Sample case 3: X writes a paper which is completely unreadable. Y gets fed up trying to decode it and reproves the result, perhaps with insufficient acknowlegement, and it becomes known as “Y’s theorem”. X feels his ideas are stolen. Ethical or unethical? I have no idea…
Sample case 4: X and Y talk at a conference, and the conversation leads to an idea leading to a great breakthrough by Y. But ideas are not concrete objects, and Y sees it as basically his/her idea, while X sees it as Y stealing his/her idea…
Sample case 5: X and Y are making little progress in joint work because the method is bad. So Y teams up with Z, tries something new, and solves the problem. X feels cheated.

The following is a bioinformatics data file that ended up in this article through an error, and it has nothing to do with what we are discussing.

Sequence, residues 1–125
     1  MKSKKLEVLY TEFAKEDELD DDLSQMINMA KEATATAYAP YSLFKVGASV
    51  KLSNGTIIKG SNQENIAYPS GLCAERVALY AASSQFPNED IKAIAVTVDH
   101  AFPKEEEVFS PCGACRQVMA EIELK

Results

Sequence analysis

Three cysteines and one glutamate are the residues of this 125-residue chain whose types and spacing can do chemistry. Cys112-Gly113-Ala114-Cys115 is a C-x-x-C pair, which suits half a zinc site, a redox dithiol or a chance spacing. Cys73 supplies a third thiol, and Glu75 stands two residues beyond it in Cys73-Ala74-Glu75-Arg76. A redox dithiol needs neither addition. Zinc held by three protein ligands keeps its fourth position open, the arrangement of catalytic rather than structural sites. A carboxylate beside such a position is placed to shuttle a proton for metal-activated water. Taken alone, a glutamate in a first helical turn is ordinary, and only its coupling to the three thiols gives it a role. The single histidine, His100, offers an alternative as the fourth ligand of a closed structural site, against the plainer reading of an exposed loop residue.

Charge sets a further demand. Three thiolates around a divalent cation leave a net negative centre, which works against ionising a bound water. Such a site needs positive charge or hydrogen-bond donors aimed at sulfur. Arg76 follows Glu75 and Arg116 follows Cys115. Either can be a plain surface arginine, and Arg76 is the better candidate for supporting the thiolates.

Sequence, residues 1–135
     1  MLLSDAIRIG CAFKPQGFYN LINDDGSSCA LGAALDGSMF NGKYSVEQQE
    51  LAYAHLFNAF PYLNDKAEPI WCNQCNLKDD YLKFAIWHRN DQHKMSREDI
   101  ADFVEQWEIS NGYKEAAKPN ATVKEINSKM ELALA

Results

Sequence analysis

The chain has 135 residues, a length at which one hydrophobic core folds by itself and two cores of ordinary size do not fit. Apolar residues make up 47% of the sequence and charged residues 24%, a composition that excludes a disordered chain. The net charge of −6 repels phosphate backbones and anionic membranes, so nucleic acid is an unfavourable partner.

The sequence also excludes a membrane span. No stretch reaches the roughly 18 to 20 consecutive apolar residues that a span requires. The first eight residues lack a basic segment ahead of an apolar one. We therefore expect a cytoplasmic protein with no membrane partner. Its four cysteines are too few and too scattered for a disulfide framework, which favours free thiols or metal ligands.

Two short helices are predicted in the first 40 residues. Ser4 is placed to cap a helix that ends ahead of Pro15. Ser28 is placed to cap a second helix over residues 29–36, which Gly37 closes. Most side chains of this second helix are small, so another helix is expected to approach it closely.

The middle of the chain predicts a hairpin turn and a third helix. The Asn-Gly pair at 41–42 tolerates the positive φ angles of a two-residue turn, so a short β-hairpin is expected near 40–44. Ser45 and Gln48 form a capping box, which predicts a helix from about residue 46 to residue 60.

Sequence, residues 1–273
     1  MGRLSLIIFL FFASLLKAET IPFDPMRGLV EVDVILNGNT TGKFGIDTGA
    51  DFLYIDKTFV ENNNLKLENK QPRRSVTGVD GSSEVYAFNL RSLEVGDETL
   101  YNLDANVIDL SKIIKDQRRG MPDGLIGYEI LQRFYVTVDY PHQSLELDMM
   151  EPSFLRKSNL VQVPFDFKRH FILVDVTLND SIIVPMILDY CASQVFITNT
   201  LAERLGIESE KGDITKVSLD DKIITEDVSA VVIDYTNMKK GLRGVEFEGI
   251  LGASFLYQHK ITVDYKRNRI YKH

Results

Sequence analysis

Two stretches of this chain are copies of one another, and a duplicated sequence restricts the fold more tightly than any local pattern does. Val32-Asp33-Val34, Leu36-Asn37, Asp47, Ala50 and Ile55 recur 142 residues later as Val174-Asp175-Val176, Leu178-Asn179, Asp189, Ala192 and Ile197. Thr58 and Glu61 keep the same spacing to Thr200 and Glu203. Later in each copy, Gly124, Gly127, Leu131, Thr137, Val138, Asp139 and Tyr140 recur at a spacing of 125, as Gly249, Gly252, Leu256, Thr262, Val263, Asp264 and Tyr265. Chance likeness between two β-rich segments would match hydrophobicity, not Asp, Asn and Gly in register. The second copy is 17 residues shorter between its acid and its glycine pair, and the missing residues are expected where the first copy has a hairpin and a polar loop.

Sample case 6: X told Y something. Y didn’t understand it and/or forgot it. Later Y rediscovered it and published it. X says “I told you this proof at a conference in Sicily in 1978″.
What I’m trying to point out is that ethics in mathematics is often not well-defined. It can be unclear what is ethical and what is unethical, because of “firstness”, naming of theorems and objects after people, etc. Maybe we need an easy set of universally agreed-upon guidelines, so that we know when we are acting unethically…
Issues of credit seem to really poison some relationships between mathematicians, and I’m sure both parties believe they acted ethically in a majority of cases (people usually believe they are right). And without universal guidelines, who are we to judge otherwise?